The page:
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Nevill Hall

Also known as, or recorded in historical documents as;
Nevyll Hall

In the civil parish of Ulverston.
In the historic county of Lancashire.
Modern Authority of Cumbria.
1974 county of Cumbria.
Medieval County of Lancashire North of the Sands.

OS Map Grid Reference: SD284784
Latitude 54.19634° Longitude -3.09895°

Nevill Hall has been described as a probable Pele Tower.

There are no visible remains.


Site of the Mediaeval Nevill Hall, demolished by 1870 and replaced by the police station and magistrates court. First documented in 1347 in the will of Edward Nevill and traditionally associated with a pele tower. It was converted from a poor house to a work house in 1836. The police station was built on the site in 1870. (PastScape)

NEVILL HALL manor originated in a grant by William de Lancaster to his knight Lawrence de Cornwall of the mills and various lands. John son of Lawrence de Cornwall was engaged in various disputes in 1292, and left sons named Lawrence and Mauger, whose inheritance by 1332–47 came to Sir Edmund de Nevill and to his son William and Aline his wife. It descended in this family, which was seated at Liversedge in Yorkshire, till the 16th century, when Sir John Nevill having taken part in the northern rising of 1569, it became forfeited to the Crown and was afterwards sold in parcels. The customs of the manor were thus described in 1774: The admittance fine was two years' rent in addition to the ordinary rent; the fine on change of lords, half a year's rent; the running gressom or 'town's term,' half a year's rent every seventh year; the widow, if a first wife, had half the tenement as dower, but if a later wife then one-third. Formerly a tenant paying 20s. rent had been bound to keep a horse harnessed for the king's service. The hall was sold to the town authorities for a workhouse in 1753, and so used till 1838, when the new workhouse in the Gill was built. It was sold in 1844. The present police station (1872) stands on the site, the last remaining portion of the old hall having been pulled down in 1881 to make way for the superintendent's residence. The manor is supposed to have been dissipated by various changes and to be extinct. (PastScape)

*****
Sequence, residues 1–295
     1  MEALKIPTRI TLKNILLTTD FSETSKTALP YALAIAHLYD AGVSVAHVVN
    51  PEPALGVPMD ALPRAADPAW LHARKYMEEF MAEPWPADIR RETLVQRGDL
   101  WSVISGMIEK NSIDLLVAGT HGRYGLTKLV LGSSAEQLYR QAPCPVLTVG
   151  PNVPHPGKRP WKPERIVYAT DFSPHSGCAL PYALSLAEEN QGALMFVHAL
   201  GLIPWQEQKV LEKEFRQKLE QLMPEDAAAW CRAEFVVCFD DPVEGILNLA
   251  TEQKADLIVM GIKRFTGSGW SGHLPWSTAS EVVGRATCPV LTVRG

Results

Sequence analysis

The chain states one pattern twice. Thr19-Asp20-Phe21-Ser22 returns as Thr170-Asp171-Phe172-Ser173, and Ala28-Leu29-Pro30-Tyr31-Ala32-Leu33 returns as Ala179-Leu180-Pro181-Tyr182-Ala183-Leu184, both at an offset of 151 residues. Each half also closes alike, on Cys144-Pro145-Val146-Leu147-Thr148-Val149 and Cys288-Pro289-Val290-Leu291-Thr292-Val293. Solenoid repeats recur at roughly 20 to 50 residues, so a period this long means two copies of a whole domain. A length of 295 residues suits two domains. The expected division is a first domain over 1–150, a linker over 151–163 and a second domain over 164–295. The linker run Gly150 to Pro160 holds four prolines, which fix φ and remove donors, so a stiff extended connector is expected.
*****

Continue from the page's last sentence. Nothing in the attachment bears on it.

Actually evidence this hall had a pele tower is scant but in this area a member of the Nevill family will have been likely to have expressed their knightly status in the architecture of their house.
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This record last updated 26/07/2017 09:21:52

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